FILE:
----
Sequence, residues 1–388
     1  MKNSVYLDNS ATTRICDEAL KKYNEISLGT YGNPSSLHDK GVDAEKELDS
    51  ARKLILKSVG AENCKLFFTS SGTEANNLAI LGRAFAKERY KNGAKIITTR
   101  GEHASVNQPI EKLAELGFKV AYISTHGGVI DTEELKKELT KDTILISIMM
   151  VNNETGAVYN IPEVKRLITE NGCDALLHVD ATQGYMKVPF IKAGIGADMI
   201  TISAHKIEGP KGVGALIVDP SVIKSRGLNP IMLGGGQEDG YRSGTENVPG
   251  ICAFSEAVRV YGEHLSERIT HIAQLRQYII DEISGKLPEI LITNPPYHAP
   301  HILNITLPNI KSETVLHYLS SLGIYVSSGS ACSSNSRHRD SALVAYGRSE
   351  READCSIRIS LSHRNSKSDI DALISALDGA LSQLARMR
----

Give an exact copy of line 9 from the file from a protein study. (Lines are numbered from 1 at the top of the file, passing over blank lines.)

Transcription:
   351  READCSIRIS LSHRNSKSDI DALISALDGA LSQLARMR